#1: The Scout
In Mann vs Machine, the Scout has one, definitive role: collecting money. As the individual’s skill and knowledge of the game mode increase, they can slot themselves into more aggressive roles, but I believe the baseline for a Scout is simply walking next to piles of money and collecting it. Even without firing your Scattergun once, you can be an amazing asset to your fellow teammates by ensuring them the best upgrading prowess they could ask for. As such, I consider Scout to be, by far, the easiest class for a newer player to pick up.
And it doesn’t come without its share of lessons. In playing Scout, you can teach yourself how to hit targets with your Scattergun whilst moving at high speeds, which translates well to one’s ability to track movement on other hitscan classes. I’d be lying if I said it was a clear-cut lesson to learn, but if you’re starting from scratch, every little bit helps.
#2: The Demoman
If you’re looking for a class that can wipe out hordes of robots with little effort, then look no further than the Demoman. Paired with an incredibly potent arsenal of stock weapons, the Demoman is easy to pick up and is highly rewarding, to boot. While the Demoman is far from a simple class to master, I would consider it the most simple class to pick up for the go-getters who want a thick cut of the combat action.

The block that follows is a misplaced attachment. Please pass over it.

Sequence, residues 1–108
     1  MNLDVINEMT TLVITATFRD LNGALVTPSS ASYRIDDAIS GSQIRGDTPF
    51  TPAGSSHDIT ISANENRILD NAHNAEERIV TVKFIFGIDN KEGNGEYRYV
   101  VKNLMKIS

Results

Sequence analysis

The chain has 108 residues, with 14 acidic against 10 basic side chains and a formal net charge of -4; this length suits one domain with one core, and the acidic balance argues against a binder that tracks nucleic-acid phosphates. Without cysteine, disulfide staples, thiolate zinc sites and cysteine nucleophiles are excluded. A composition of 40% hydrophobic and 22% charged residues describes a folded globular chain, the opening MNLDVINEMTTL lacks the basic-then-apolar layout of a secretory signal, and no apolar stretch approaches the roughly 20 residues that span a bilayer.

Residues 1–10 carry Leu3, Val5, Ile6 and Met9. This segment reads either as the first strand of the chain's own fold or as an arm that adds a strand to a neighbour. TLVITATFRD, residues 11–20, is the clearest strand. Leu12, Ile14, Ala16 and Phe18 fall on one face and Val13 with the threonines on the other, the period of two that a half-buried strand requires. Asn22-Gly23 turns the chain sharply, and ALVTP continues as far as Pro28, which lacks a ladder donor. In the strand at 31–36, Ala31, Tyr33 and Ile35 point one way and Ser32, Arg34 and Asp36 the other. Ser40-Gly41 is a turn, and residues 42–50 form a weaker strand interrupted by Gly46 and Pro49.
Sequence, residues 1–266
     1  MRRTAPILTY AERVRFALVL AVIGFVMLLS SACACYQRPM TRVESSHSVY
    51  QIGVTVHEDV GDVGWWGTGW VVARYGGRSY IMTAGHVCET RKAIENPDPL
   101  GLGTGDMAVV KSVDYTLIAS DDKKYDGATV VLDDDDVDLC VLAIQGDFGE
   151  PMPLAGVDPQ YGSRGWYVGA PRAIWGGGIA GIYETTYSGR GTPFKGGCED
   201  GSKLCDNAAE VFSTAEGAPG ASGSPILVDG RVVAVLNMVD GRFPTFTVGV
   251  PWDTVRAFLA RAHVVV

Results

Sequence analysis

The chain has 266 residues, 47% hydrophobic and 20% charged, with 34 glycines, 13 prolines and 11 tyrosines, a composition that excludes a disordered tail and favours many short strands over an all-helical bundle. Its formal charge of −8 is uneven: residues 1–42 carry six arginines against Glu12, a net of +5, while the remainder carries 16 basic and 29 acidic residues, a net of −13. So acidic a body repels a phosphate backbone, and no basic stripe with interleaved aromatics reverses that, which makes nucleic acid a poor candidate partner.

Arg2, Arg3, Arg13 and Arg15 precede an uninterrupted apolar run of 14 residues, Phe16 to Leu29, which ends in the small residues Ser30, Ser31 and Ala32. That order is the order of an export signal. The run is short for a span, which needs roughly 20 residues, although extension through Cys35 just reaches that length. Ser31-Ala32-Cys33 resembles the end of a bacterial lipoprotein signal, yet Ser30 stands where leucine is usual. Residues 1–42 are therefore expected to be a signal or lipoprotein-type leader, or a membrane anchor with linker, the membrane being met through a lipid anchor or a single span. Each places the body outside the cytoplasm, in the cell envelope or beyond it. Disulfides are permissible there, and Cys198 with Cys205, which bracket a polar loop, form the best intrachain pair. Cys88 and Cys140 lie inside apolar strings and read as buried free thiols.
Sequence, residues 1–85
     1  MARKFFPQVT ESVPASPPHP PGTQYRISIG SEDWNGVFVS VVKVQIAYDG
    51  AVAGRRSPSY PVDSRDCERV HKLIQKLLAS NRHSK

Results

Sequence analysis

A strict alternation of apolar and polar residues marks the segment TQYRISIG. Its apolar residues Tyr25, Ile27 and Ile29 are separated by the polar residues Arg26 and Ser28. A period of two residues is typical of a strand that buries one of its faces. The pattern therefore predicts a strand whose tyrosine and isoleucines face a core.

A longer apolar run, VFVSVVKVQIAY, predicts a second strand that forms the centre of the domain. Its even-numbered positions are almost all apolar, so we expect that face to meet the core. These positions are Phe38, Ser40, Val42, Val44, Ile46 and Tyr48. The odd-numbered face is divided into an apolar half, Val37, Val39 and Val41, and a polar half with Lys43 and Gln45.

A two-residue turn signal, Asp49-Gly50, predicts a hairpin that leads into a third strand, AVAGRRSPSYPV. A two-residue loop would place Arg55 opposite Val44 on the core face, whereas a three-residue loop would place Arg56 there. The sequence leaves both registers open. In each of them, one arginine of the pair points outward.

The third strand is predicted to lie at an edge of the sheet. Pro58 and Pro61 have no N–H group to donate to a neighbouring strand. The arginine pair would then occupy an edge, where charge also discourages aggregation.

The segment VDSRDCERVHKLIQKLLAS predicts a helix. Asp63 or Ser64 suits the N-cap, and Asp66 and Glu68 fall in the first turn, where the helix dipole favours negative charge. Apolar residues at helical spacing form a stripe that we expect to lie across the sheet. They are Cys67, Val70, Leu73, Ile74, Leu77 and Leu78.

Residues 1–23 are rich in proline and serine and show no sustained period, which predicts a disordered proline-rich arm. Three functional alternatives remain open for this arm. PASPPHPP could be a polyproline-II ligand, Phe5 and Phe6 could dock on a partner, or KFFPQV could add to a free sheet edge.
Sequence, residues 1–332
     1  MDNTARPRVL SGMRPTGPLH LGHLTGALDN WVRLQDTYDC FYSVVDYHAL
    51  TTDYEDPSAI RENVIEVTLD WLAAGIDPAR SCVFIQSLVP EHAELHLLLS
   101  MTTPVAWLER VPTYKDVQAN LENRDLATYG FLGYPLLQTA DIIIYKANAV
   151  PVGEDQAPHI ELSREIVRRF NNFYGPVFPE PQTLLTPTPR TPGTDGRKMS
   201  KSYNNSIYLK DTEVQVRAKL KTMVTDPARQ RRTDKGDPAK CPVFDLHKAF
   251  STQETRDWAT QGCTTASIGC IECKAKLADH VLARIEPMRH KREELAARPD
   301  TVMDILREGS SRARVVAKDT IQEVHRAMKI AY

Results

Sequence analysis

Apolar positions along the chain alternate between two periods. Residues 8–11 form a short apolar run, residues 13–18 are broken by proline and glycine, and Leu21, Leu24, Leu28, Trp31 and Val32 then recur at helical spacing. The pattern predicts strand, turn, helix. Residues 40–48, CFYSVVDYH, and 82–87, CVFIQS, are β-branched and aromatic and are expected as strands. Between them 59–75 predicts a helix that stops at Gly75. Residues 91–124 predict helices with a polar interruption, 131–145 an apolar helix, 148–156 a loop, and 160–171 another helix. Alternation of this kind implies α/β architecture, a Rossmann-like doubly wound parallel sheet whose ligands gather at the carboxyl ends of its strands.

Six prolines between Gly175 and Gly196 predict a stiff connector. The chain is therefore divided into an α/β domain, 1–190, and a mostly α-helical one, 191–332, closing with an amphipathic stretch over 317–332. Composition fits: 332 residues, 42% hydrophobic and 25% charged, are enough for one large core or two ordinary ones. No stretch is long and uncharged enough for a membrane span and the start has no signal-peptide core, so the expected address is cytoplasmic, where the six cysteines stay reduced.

Due to the predictability of robot movement, both the Stickybomb Launcher and Grenade Launcher are apt weapons to upgrade, though I would recommend the prior to beginners. I’m always for a round with the Loch n’ Load, but I wouldn’t recommend it until you get a feel for aiming your grenades properly.
#3: The Heavy
So, why did I put the Heavy beneath the Demoman? The Heavy is notorious for having one of the lowest skill floors in standard play, paired with his high survivability and damage output. Really, I’d consider Demoman and Heavy on par for each other in terms of difficulty to a newer player, but the Demoman has something the Heavy doesn’t: mobility.